EXPANDING BOUNDARIES. CHANGING LIVES.
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EXPANDING BOUNDARIES. CHANGING LIVES.
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Discover the stories of people who came from all over the world to Lowell and who now make up the city’s diverse community. By investigating primary sources, oral histories, and objects, students learn about the immigrant groups who arrived in the U.S. in the 19th, 20th, and 21st centuries, including why they came, what life was like in their home country, how they met the challenges of settling in a different environment, and how they contributed to their new community and made Lowell what it is today!

Program Rating

This program has not yet been evaluated.
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About This Program

Cost

Point to Point: $125.00



Length

1 hour


Target Audience

Education: Grade(s) 4, 5, 6, Homeschool/Family , Learning Pod

Minimum participants:

10

Maximum participants:

25


Primary Disciplines

International, Social and Emotional Learning( SEL), Community Interests, Social Studies/History, Language Arts/English, Character Education, Literacy, Reading, Gifted & Talented, Special Needs


Program Delivery Mode

Zoom, Contact us about using alternate platforms.



Booking Information

Please contact us for available dates and times.

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Receive this program and 9 more for one low price when you purchase the CILC Virtual Expeditions package. Learn more

For more information contact CILC at (507) 388-3672

Provider's Cancellation Policy

Two weeks notice for cancellations.

The Tsongas Industrial History Center — an education partnership between the University of Massachusetts Lowell College of Education and the National Park Service at Lowell National Historical Park — is a hands-on center where students, grade-school through college, learn about the American Industrial Revolution through activities, tours, and virtual programs of the sites where history and science happened.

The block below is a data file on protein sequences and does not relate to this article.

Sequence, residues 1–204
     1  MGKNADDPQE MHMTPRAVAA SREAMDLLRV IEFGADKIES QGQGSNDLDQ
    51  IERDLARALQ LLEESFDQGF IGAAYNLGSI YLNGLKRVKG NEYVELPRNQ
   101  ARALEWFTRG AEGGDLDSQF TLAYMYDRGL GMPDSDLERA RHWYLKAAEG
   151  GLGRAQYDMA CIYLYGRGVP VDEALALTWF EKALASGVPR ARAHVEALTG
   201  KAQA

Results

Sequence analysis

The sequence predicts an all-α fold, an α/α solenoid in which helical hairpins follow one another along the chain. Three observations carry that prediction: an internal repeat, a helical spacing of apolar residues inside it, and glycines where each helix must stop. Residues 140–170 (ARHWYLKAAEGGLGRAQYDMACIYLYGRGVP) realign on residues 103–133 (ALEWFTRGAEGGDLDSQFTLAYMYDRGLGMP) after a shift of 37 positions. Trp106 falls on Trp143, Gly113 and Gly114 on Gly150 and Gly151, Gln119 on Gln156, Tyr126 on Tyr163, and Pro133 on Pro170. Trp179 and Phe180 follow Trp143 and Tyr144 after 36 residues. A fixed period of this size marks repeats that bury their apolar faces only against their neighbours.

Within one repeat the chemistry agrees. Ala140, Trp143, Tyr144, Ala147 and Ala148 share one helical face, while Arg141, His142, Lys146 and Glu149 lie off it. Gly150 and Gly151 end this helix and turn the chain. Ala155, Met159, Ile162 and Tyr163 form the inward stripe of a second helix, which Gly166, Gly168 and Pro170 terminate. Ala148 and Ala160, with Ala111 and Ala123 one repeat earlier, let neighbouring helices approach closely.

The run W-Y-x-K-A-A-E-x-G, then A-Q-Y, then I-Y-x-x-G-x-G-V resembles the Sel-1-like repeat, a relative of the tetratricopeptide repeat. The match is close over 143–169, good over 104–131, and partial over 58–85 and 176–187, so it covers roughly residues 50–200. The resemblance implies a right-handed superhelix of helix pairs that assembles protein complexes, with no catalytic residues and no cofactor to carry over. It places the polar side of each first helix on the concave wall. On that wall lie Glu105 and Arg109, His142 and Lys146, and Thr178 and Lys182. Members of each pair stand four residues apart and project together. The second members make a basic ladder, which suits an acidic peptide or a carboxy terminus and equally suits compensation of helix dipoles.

Contact:
TIHC Staff
tihc@uml.edu
978-970-5080

Program Details

Format

The program is interactive and participatory. Students engage our staff and each other in conversation, investigate artifacts, and read stories of real people who immigrated to Lowell.

Classroom, home, and hybrid options are available. The classroom version requires individual computers (with headphones) or a computer and projector/smart-board. Home versions require each student to have their own computer or tablet. All programs use Zoom software. We will provide a passcode-protected link to share with students.

Objectives

Enduring Understanding: For various reasons, people throughout history have left places they called home and moved to other places. Often, challenges that drive them from their home are replaced by different challenges in their new locations.

Essential Question: What is the immigrant experience?

Standards Alignment

National Standards

CCSS.ELA-LITERACY.RI.4.1
Refer to details and examples in a text when explaining what the text says explicitly and when drawing inferences from the text.

CCSS.ELA-LITERACY.RI.4.3
Explain events, procedures, ideas, or concepts in a historical, scientific, or technical text, including what happened and why, based on specific information in the text.

CCSS.ELA-LITERACY.SL.4.1
Engage effectively in a range of collaborative discussions (one-on-one, in groups, and teacher-led) with diverse partners on grade 4 topics and texts, building on others' ideas and expressing their own clearly.

State Standards

Massachusetts History and Social Science Framework Connections
Grade 4
4.T4.4. Explain that many different groups of people immigrated to the United States from other places voluntarily and some were brought to the United States against their will (as in the case of African slaves).

4.T4a.4. Develop questions, conduct research, and analyze how people have adapted to the environment of the Northeast, and how physical features and natural resources affected settlement patterns, the growth of major urban/suburban areas, industries or trade.

4.T4a.5. Describe the diverse cultural nature of the region, including contributions of Native Peoples (e.g., Wampanoag, Iroquois, Abenaki), Africans, Europeans (e.g., the early settlements of the Dutch in New York, French near Canada, Germans in Pennsylvania, the English in Massachusetts, Rhode Island, Connecticut, Vermont and New Hampshire, subsequent 19th and early 20th century immigration by groups such as Irish, Italian, Portuguese, and Eastern Europeans) and various other immigrant groups from other regions of the world in the later 20th and 21st centuries (e.g., Puerto Ricans, Dominicans, Mexicans, Salvadorans, Colombians, Guatemalans, Brazilians, Haitians, Vietnamese, Cambodians, Chinese, Indians, and Somalis).